Ask any opera buff to name the most hideous villain in the standard repertoire, and it’s likely to be a toss-up between Iago in “Otello” and Scarpia in “Tosca,” both of whom are bass roles. Operatic tradition customarily assigns the villainous male roles to the bass and the heroic ones to the tenors.
But what about a tenor who sails into a foreign nation, boasting about having a girl in every port?
This is a tenor who goes through a bogus marriage ceremony with a naïve, underage girl, spends a night with her, impregnates her and sails off, leaving her to raise the child alone.
Then he has the audacity to return, years later, married to someone else, and stand idly by while she does herself in.
Would that not classify him as a villainous cad?
Bryan Hymel, a New Orleans-area tenor who sings the leading male role of U.S. Navy Lt. B.F. Pinkerton in the upcoming New Orleans Opera production of “Madama Butterfly,” agrees that his character is definitely not a loveable one. Members of his family and his local fan base will be in the Mahalia Jackson Theater to see and hear him Friday and Sunday in the final production of the 2012-13 opera season.
The opera will be sung in Italian with English translations projected above the stage.
Hymel, who sings opposite title role soprano Maria Kanyova (Cio-Cio San), said, “He’s not a very sympathetic character from the viewpoint of the audience, even though he has some very beautiful vocal lines.
“But he’s just one character in a story that teaches us that our actions have consequences. Even if we don’t intend those consequences to happen, they still can happen.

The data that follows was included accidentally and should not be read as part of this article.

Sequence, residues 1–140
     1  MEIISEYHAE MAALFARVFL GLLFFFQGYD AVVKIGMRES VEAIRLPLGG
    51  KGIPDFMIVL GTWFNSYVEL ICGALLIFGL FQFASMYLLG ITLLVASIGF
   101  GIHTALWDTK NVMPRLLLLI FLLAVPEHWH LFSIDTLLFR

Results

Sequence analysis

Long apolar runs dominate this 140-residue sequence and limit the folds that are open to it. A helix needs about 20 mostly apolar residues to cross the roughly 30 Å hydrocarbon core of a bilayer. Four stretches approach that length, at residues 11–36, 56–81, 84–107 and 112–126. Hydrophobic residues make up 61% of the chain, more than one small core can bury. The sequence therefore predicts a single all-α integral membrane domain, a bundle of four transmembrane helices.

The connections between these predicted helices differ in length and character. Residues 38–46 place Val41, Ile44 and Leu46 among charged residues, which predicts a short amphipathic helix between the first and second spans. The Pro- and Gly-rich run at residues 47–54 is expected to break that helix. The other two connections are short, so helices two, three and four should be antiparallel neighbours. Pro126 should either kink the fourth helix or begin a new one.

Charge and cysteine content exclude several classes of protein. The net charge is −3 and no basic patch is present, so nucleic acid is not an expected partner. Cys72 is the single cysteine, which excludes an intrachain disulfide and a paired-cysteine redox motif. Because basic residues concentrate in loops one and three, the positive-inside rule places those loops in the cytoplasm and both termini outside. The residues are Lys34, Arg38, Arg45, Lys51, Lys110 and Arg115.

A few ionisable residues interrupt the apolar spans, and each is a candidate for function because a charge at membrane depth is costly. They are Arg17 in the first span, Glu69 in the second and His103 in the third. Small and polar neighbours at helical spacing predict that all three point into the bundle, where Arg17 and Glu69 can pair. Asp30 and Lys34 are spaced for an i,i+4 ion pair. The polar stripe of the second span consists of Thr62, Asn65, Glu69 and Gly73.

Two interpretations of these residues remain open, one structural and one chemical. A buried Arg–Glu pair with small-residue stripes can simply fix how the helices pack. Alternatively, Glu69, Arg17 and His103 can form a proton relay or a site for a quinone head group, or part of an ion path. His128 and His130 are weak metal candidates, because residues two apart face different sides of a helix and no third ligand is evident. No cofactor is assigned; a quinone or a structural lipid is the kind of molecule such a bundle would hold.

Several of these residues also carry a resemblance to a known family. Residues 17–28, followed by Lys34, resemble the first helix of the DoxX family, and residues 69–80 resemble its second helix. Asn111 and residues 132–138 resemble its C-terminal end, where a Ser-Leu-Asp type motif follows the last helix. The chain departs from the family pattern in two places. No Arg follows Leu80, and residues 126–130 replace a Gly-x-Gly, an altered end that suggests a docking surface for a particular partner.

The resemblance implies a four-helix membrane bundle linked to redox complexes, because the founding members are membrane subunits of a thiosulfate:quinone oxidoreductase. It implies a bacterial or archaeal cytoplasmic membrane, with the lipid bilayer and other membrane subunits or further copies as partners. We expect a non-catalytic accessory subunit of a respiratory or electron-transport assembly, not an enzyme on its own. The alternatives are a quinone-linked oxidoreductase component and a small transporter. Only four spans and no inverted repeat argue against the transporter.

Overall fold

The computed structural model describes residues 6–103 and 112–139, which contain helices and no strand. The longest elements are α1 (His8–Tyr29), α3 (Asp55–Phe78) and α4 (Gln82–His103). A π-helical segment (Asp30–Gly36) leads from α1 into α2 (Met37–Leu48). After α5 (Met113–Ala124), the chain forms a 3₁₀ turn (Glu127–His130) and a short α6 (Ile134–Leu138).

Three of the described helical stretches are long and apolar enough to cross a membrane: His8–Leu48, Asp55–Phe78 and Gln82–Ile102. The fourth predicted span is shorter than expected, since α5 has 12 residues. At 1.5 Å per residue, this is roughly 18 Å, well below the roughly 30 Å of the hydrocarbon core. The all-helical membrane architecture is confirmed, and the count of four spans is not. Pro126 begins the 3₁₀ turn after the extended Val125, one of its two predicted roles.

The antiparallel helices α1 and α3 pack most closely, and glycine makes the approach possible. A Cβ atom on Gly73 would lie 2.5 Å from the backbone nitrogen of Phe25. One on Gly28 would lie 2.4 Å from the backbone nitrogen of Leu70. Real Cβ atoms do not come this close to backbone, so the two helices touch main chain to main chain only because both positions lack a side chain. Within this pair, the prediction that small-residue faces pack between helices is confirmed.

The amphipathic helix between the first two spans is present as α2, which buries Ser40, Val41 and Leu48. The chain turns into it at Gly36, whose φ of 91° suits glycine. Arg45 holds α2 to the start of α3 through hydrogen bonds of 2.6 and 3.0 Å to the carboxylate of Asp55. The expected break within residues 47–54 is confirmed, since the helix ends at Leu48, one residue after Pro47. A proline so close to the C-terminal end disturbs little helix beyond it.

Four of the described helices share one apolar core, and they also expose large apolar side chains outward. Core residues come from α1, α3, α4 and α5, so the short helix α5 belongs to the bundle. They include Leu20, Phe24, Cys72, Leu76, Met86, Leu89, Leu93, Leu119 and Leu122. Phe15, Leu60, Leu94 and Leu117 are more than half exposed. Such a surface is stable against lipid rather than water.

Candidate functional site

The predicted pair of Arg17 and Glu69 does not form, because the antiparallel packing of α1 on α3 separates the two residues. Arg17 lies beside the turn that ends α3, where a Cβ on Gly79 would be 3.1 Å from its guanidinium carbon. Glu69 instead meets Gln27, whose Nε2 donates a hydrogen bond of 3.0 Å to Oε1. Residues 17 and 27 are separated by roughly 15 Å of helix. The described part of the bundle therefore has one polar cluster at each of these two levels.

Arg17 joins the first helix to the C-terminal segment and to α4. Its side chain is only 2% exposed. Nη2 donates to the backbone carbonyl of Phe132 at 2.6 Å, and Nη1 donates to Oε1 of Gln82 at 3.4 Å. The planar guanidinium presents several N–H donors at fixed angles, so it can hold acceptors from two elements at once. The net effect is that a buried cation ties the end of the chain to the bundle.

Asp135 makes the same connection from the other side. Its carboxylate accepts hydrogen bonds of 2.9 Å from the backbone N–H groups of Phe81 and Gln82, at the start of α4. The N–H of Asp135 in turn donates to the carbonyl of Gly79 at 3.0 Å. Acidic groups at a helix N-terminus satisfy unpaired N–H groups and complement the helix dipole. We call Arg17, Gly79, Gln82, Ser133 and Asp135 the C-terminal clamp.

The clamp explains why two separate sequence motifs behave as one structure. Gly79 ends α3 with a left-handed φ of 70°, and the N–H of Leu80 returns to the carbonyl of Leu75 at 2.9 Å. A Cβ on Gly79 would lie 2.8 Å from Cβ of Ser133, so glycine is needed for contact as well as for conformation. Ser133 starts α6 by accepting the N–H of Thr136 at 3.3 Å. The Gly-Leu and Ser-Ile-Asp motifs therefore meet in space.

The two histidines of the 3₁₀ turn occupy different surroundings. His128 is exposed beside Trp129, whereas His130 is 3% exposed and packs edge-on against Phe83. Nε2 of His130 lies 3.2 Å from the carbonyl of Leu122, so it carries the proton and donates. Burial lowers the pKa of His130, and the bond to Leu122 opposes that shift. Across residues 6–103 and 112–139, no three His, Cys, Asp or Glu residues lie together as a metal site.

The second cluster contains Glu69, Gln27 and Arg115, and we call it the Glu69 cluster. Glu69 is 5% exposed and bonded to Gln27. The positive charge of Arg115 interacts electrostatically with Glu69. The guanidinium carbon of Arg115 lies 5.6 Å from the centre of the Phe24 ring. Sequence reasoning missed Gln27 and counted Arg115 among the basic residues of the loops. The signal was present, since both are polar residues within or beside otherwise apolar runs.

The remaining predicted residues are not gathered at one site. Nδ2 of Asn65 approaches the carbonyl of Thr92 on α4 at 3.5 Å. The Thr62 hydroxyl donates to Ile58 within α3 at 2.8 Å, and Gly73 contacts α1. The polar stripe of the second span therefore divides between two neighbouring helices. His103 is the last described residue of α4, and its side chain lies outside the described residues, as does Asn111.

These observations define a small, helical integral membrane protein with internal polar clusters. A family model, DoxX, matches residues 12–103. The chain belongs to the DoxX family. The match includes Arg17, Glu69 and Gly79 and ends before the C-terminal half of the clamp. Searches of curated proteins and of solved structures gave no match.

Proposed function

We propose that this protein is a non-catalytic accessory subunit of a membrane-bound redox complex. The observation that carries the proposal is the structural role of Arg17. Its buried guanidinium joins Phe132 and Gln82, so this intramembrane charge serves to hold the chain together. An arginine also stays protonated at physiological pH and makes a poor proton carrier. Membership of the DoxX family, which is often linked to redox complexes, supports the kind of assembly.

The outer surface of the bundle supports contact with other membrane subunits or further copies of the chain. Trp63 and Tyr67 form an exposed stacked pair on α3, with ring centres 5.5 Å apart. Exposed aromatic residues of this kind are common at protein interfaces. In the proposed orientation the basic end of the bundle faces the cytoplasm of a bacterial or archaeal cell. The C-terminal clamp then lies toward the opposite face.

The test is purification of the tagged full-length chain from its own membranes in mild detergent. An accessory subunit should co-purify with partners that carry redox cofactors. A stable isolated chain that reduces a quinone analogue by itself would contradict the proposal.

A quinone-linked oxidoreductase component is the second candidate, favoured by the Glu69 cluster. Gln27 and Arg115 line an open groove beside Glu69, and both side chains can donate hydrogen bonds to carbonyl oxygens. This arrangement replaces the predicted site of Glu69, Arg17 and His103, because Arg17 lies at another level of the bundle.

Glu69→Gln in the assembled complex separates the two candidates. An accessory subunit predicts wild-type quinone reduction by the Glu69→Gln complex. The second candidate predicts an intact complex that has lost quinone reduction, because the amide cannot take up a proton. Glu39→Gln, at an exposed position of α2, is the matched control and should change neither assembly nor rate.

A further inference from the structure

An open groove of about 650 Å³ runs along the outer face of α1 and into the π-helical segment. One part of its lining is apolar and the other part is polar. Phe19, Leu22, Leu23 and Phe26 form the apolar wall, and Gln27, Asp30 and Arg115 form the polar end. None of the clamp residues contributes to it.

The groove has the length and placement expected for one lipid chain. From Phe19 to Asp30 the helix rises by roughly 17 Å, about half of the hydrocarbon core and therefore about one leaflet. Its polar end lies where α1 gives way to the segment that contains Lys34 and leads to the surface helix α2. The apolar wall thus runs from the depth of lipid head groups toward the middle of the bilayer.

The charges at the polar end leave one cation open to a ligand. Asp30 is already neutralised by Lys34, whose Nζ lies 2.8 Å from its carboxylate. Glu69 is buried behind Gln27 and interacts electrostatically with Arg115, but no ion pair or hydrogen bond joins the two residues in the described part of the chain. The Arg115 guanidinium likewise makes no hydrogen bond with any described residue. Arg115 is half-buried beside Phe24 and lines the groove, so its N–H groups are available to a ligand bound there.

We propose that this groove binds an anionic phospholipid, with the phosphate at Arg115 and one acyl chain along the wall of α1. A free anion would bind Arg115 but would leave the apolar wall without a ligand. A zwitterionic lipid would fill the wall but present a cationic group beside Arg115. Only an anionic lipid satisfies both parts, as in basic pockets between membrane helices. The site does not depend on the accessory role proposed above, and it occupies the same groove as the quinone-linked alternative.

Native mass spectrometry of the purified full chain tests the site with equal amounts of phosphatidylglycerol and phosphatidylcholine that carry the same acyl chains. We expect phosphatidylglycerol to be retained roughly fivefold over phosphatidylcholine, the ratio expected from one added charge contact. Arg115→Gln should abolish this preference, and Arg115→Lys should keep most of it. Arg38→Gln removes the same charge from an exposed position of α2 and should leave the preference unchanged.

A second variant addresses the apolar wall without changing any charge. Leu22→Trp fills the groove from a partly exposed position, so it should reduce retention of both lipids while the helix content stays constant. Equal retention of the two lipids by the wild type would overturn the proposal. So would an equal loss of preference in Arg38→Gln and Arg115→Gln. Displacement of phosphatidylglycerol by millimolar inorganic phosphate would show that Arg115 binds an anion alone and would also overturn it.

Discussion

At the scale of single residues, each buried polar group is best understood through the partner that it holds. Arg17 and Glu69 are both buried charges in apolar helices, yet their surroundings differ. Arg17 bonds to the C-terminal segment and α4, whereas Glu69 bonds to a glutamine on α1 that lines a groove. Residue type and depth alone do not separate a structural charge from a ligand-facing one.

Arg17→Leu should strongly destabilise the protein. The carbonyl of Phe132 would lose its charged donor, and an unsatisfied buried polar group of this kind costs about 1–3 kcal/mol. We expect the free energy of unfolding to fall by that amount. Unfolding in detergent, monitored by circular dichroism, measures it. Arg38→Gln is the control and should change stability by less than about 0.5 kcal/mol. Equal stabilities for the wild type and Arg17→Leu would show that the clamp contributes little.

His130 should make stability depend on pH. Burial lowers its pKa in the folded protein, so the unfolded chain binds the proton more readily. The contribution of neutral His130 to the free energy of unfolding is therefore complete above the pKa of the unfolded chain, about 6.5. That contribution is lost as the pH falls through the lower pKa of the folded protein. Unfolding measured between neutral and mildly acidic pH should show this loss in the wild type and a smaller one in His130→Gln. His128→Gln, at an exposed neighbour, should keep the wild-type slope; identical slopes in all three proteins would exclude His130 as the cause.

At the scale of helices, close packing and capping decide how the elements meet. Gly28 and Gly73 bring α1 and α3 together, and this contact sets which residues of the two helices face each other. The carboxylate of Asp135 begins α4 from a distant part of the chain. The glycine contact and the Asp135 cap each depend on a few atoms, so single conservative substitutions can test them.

“We should be responsible with life and love and what we do, and not be selfish. And he is a very selfish character.”
In the end, Pinkerton does pay for his reckless selfishness, one has to assume, with a lifetime of remorse, regret and guilt.
Nonetheless, despite the shame that Pinkerton left on his unsuspecting victim and its tragic consequences, “Madame Butterfly” remains one of the most popular operas in the standard repertoire.
Considered one of Italian composer Giacomo Puccini’s greatest masterpieces, it is consistently ranked in the Top 10 of Opera News’ most frequently performed operas.
One reason for the opera’s popularity since it debuted in 1904 is the music, according to Hymel. “It is really beautiful music. Everybody in it gets to sing some of it, even the bad guys.”
“Un bel di” (one beautiful day), Cio-Cio San’s Act 2 aria, is the opera’s highlight and one of the most popular solos in the soprano repertoire.
At 33 years old, Metairie native Hymel has already amassed some astounding credentials.
A 1997 Jesuit High School graduate who earned his degree in Loyola University’s opera program, he has sung at the Metropolitan Opera in New York, La Scala in Milan, Covent Garden in London and other prestigious houses in Europe and North America. Currently living in Philadelphia, he is slated to reprise Pinkerton at The Met next year.
Modest about having such sterling credits at a young age, Hymel said, “Being a tenor really helps, and I was fortunate to get good training early at Loyola. That really helped me get on the fast track. I’ve been told that my voice is higher than average tenor, which also helps me get more difficult-to-sing roles, but I don’t want to be pigeonholed into anything.”
Others in the “Madame Butterfly” cast besides Hymel and Kanyova are Margaret Thompson (Suzuki), Jake Gardner (Sharpless), Casey Candebat (Goro), Kenneth Weber (Bonze) and Ivan Griffin (Imperial Commissioner).
New Orleans Opera Chorus members stepping out in comprimario roles are Jacob Penick (Prince Yamdori), Caitlin Yadamec (Kate Pinkerton), Taylor Miller (Official Registrar), Aaron Ambeau (Uncle Yakuside), Vickie Thomas (Mother), Meg Frazier (Aunt) and Cara Williams (Cousin).
Kanyova’s daughter, Kathleen, is in the non-singing role of “Trouble,” Cio-Cio San and Pinkerton’s love child.
For a complete synopsis of the opera go to http://neworleansopera.org/2012-2013-season/madame-butterfly-synopsis/.